• All Applications and Repositories - The policy is applied to every application and repository below this level of the hierarchy.

  • Applications of the specified Application Categories in Root Organization/Organization - The policy is applied only to applications that have specific application categories assigned to them. With this setting, you select which application categories to use.

The latter choice lets you tailor the implementation of a policy to applications with similar characteristics by using application categories.

Inheritance Overrides

Checking these boxes allows you to override actions/notifications for this policy at lower levels.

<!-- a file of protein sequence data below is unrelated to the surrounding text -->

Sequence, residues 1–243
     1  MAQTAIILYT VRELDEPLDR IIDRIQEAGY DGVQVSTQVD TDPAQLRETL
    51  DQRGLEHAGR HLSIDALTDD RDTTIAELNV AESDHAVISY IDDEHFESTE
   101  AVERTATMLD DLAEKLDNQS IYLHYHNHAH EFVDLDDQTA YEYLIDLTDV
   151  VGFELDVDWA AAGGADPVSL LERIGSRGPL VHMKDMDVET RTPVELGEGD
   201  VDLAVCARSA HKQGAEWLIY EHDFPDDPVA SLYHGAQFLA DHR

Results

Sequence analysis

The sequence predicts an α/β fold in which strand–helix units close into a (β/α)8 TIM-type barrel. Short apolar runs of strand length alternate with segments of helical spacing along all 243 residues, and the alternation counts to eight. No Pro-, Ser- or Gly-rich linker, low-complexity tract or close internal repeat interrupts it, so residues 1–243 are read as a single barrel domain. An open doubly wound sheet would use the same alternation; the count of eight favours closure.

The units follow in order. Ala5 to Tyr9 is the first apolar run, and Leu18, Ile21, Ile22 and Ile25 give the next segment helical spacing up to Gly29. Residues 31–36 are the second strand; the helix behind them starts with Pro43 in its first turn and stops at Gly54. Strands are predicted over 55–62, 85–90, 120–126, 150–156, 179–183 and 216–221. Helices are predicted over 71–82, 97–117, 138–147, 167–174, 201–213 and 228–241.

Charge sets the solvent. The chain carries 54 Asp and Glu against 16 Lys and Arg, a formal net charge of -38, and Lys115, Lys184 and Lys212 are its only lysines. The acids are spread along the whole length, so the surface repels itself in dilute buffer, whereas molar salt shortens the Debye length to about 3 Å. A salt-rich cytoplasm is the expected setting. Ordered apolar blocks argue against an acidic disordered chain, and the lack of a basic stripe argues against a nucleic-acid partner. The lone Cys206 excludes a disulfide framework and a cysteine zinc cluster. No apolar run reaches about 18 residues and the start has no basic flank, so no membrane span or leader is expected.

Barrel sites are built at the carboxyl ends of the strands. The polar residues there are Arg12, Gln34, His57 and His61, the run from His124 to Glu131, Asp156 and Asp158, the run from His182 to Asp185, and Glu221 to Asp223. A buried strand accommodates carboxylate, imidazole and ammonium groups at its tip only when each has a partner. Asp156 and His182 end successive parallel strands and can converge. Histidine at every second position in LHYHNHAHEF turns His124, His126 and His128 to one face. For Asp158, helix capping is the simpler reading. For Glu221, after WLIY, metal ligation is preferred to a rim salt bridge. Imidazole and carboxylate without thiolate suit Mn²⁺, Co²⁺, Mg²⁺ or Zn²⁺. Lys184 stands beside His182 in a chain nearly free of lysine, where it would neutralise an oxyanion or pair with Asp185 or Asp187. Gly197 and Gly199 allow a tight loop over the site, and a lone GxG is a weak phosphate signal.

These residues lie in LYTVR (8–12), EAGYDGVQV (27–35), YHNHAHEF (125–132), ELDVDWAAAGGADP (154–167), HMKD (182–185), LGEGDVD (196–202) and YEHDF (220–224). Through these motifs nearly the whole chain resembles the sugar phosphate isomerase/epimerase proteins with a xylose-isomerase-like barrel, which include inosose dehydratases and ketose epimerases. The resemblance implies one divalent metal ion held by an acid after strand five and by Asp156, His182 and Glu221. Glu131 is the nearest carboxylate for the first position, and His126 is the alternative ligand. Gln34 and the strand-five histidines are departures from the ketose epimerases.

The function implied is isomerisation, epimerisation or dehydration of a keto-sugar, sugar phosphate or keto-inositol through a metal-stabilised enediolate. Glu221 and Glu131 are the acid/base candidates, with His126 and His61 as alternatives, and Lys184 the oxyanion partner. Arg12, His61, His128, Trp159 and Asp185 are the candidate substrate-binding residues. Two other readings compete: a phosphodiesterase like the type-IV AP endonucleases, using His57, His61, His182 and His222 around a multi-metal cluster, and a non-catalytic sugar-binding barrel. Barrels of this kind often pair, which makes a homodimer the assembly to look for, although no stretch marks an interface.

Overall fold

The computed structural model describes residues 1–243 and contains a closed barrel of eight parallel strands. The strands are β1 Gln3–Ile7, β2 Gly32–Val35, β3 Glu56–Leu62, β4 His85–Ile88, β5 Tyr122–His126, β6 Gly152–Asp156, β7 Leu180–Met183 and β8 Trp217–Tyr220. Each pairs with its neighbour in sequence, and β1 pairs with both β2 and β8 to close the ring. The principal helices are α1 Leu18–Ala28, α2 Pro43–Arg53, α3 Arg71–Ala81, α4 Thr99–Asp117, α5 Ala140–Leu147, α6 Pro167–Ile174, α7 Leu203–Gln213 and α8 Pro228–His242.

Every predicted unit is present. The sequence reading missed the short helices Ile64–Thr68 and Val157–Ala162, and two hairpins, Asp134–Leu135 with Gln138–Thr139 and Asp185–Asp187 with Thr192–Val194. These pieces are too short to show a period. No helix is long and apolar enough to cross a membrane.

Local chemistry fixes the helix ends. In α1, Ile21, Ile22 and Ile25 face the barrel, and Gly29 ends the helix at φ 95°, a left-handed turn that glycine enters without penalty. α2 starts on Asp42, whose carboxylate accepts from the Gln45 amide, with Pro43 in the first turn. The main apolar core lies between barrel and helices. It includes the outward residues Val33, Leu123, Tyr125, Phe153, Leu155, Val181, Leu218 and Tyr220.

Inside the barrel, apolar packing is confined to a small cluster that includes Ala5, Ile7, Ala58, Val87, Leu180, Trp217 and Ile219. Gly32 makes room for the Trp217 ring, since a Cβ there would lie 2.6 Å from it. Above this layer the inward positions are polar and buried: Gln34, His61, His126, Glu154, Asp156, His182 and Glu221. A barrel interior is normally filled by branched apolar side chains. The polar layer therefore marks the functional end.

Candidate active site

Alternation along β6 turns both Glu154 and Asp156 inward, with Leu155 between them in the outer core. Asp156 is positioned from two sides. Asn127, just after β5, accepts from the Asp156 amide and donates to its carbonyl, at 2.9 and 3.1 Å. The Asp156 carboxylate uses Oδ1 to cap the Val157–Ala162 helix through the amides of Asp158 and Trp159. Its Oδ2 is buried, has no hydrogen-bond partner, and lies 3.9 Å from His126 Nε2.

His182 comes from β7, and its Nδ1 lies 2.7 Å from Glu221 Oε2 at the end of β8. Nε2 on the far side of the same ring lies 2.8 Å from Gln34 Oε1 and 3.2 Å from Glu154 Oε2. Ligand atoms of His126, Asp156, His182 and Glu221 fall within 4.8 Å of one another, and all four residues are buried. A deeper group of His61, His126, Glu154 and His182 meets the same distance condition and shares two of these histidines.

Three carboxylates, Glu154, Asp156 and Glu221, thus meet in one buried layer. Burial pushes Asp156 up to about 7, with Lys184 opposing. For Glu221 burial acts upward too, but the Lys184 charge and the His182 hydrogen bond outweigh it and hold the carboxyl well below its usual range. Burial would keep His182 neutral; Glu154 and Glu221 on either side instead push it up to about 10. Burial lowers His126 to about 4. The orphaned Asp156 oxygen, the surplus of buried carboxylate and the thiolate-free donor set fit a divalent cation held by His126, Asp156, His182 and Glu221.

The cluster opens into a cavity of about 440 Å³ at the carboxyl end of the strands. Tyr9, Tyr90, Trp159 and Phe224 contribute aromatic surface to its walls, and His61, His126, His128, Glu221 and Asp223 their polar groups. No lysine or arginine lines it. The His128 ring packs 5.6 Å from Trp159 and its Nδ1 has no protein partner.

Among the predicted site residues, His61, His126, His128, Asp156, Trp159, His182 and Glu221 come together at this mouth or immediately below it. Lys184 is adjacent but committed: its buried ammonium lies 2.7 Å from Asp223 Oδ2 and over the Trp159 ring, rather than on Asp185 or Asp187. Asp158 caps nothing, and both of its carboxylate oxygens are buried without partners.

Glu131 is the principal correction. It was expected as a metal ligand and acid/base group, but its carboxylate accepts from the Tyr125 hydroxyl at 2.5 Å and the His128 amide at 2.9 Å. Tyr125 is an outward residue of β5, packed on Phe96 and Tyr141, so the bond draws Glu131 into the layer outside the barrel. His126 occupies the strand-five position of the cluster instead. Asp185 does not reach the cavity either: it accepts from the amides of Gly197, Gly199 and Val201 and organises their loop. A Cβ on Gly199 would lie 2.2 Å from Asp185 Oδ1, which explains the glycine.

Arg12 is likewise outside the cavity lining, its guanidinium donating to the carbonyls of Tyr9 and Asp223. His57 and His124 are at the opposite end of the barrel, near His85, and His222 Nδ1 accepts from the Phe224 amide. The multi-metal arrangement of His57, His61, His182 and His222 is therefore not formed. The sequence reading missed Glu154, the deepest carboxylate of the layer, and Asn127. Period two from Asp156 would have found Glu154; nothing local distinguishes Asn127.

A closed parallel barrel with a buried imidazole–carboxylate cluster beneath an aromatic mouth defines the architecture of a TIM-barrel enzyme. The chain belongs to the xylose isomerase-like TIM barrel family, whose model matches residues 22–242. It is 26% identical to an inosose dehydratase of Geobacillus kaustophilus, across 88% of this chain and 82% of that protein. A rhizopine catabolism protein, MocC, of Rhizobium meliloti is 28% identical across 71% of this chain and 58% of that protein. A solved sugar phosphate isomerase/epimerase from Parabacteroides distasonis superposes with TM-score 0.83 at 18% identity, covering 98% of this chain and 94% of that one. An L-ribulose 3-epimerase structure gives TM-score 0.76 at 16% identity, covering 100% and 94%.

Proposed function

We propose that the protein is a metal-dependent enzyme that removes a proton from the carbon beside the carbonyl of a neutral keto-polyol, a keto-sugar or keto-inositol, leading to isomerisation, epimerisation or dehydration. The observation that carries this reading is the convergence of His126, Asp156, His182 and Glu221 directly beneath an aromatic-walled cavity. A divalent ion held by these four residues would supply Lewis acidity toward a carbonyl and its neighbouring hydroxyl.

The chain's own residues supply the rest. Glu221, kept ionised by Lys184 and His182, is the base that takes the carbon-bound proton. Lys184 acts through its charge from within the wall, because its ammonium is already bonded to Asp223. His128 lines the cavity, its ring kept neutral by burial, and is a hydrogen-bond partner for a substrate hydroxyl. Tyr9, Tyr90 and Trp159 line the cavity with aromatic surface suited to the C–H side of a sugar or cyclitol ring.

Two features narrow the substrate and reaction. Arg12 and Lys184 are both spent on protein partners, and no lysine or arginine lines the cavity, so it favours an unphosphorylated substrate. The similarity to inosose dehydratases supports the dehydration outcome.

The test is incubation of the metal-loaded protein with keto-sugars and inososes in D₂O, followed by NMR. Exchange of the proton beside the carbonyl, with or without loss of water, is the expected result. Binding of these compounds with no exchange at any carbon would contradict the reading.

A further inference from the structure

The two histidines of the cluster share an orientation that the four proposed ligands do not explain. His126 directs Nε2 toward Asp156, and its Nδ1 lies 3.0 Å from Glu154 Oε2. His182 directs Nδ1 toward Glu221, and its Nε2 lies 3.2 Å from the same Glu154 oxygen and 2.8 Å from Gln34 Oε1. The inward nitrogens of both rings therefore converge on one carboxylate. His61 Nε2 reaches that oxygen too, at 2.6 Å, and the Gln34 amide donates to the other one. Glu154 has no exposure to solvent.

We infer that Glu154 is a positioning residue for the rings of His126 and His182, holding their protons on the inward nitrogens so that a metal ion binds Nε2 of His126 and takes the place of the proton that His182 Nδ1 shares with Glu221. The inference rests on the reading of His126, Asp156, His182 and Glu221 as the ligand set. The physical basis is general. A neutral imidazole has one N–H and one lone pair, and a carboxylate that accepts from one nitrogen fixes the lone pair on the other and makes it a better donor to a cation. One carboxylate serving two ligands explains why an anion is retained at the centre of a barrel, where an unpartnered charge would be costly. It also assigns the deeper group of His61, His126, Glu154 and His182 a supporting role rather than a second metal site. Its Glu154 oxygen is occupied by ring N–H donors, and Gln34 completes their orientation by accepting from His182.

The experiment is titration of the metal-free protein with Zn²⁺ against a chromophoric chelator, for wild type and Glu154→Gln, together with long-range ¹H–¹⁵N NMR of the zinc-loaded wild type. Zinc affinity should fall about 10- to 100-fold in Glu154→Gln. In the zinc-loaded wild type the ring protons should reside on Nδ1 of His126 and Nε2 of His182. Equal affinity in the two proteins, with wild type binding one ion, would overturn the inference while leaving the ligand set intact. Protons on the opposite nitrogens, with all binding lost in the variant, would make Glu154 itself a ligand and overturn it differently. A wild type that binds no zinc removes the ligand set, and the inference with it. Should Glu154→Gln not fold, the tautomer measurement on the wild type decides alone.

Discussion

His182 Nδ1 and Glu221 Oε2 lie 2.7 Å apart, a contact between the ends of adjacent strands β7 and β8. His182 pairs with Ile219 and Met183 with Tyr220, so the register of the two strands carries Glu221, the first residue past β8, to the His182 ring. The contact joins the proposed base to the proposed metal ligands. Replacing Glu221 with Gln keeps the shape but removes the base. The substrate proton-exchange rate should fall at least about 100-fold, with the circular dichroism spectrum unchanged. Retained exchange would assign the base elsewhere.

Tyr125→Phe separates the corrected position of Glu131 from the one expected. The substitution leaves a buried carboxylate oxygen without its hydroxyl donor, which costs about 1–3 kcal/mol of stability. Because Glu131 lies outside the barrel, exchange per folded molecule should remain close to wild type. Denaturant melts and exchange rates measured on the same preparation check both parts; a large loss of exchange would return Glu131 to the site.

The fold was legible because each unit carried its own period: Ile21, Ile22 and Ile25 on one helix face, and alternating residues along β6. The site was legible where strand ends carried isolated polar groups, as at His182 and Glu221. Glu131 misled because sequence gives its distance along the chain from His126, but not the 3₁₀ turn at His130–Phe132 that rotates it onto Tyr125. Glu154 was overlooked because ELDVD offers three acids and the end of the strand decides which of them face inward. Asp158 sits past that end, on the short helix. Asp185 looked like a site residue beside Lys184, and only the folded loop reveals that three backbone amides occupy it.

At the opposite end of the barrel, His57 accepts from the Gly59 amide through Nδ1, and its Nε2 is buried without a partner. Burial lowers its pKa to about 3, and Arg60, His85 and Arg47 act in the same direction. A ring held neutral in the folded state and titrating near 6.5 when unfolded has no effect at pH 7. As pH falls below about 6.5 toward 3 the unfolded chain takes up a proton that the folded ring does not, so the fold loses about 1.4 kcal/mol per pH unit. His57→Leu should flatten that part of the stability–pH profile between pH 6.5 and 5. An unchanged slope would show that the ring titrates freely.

Constraints define the violating conditions you want to detect. A constraint is a collection of multiple conditions. A policy must have at least one constraint, and each constraint must have at least one condition.

Constraints can be configured to be satisfied if ANY or ALL of the conditions are true. Multiple constraints inside a policy are combined with OR, so a policy is violated if any one constraint in that policy is violated.

Constraints are made up of the following parts:



Constraint Name

Indicates the violation you want to detect, for example, a High-risk CVSS score or License needs legal review.


Refer table below to choose the appropriate violation condition from the drop-down.


Setting Conditions

Select a value for “Any or All" and then a condition and its parameters from the drop-down menus. For more details on any of the conditions and their parameters, please see the Application Composition Report.